Summer vacations, camping, family reunions, picnics, and the Fourth of July are all things that Americans look forward to every year. However, these great summer activities also bring the risk of fires and injuries caused by fireworks and outdoor grills. Fireworks and grill fires injure over 16,000 Americans annually. More than half of these injuries end up occurring during the month of July, the highest in the year.
Summer is a time for fun, but it’s also essential that you and your family exercise extreme caution when using fireworks, grills, and other hazardous equipment. Since 1990, Safe-T Fire Protection has been committed to raising fire safety awareness and educating families and communities to help better prevent summer fires.
How To Safely Use Fireworks
Fireworks are a traditional part of the Fourth of July celebrations in the United States. It’s always exciting seeing those beautiful lights go off into the night sky. But this can, unfortunately, be quite dangerous. In the weeks leading up to July 4, an estimated 230 people have to visit the emergency room every day due to fireworks-related injuries. The majority of these injuries typically involve people’s hands and fingers.
Safe-T Fire Protection recommends never letting children under the age of 12 use fireworks. Another recommendation we have is to follow proper safety barriers and stay at least 500 feet away from any launch location. If you’re setting off your own fireworks, use a long lighter, with your fireworks pointed away from onlookers. If you follow these safety tips, you and your loved ones won’t have to spend a night in the emergency room.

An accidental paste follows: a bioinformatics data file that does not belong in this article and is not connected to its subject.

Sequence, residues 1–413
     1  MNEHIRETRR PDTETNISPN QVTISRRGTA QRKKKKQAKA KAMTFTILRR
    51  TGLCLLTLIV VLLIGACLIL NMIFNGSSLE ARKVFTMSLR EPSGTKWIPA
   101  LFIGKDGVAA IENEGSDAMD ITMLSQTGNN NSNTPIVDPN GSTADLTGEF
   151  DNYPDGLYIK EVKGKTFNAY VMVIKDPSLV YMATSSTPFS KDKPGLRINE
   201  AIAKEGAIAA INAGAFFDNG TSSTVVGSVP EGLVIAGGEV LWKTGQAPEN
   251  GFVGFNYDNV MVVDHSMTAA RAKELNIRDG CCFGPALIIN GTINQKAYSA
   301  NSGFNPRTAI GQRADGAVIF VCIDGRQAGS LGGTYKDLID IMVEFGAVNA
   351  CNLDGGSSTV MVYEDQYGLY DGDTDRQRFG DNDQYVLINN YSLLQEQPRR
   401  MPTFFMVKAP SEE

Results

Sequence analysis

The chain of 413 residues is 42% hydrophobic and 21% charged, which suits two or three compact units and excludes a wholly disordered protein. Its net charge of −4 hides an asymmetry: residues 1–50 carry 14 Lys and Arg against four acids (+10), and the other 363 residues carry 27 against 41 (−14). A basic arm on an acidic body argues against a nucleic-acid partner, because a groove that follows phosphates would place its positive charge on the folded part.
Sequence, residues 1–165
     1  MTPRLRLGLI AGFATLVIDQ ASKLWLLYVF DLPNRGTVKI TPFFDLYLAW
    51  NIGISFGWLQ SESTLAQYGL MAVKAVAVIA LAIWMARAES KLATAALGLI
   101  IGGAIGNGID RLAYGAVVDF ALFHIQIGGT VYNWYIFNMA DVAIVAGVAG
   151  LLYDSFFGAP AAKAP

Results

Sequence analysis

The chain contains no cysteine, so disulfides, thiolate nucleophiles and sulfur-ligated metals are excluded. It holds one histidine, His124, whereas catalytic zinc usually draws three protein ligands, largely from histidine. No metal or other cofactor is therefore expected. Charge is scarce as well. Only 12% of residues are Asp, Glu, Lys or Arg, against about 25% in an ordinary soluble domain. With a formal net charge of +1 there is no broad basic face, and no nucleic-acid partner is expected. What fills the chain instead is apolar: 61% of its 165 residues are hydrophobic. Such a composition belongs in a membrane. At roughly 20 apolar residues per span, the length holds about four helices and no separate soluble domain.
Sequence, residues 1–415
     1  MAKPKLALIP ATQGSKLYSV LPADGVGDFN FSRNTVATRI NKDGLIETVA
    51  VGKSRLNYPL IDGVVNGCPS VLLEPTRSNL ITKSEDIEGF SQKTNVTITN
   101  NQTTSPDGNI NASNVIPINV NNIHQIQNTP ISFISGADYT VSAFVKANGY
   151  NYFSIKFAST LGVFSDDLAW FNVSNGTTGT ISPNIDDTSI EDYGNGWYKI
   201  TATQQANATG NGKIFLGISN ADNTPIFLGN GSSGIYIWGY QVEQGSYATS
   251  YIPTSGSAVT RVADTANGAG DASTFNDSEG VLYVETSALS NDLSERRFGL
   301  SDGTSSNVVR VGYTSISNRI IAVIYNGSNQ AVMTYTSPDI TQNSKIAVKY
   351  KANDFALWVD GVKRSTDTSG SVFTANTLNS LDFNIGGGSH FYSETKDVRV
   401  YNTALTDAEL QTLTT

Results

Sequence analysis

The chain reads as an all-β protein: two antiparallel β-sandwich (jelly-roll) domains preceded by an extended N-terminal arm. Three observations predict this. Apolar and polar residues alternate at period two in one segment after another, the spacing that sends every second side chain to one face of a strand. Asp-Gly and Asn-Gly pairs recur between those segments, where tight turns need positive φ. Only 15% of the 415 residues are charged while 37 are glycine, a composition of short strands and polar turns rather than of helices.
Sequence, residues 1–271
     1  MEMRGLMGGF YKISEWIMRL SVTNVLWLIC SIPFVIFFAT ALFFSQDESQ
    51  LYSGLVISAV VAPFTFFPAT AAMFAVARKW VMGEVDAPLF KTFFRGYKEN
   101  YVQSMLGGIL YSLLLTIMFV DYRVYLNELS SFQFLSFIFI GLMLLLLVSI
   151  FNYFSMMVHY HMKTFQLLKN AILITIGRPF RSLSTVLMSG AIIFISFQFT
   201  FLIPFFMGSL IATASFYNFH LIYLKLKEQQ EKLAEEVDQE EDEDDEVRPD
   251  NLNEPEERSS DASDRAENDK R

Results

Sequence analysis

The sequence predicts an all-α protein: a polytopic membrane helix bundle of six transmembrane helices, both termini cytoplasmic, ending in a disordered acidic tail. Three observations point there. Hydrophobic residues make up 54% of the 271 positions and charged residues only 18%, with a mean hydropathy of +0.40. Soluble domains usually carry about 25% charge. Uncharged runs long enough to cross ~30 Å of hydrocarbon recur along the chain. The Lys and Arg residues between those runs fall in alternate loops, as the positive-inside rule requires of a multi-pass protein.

How To Safely Use Grills
Summer is the time for backyard grilling. Friends and families come together to enjoy the company of each other, with the grill running on the porch. However, outdoor grilling is also a major cause of fires. According to the USFA’s National Fire Data Center, outside cooking grills cause over 6,000 fires, over 5 fatalities, over 170 injuries, and up to $35 million in property loss each year. Gas grills alone are responsible for over 2,700 fires, 80 injuries, and $11 million in property damage annually.
When grilling, Safe-T Fire Protection recommends you keep your grill a good distance away from your home and from any overhanging branches. We recommend never leaving the grill unattended and removing any grease build-up and other debris after using it. If you have to leave the grill unattended, turn the burners off and close the hood before leaving. Hot embers can potentially be blown away by wind and onto nearby woods or grasses. If this happens, you will typically only have a couple of minutes to put the flames out before they grow and spread. We recommend having a bucket of water or a fire extinguisher close by to help put out the flames.
Fire Safety When Camping
If you’re camping in the summer months, we recommend first examining your surroundings before setting up the tent. Regardless of how experienced you are as a camper, think carefully before selecting a location for your campfire. Try to camp in areas where there is already a pre-made fire pit. If you don’t have access to such areas, we recommend building your fire in a safe location that is away from any dry grass and overhanging tree branches. Always be wary of the wind, which can blow your fire towards the rest of the forest or onto nearby sticks and twigs.
Contact Us For More Detailed Information About Fire Protection
Since 1990, Safe-T Fire Protection has been educating and protecting homes and families. We encourage you to practice fire safety so that you and your family are prepared year-round. For more information on fire safety and prevention give us a call at (770) 995-9950.
Extra Fire Safety Tip: The first line of defense for fire prevention is to have working smoke alarms installed throughout your home. They work around the clock to provide your family with an early warning of an emergency, giving you enough time to safely escape. To keep your home and family safe, we recommend having alarms should be installed on every level of your home, including the basement, as well as inside and outside each bedroom. Fire extinguishers should also be installed on each level of the home, particularly in the kitchen and garage.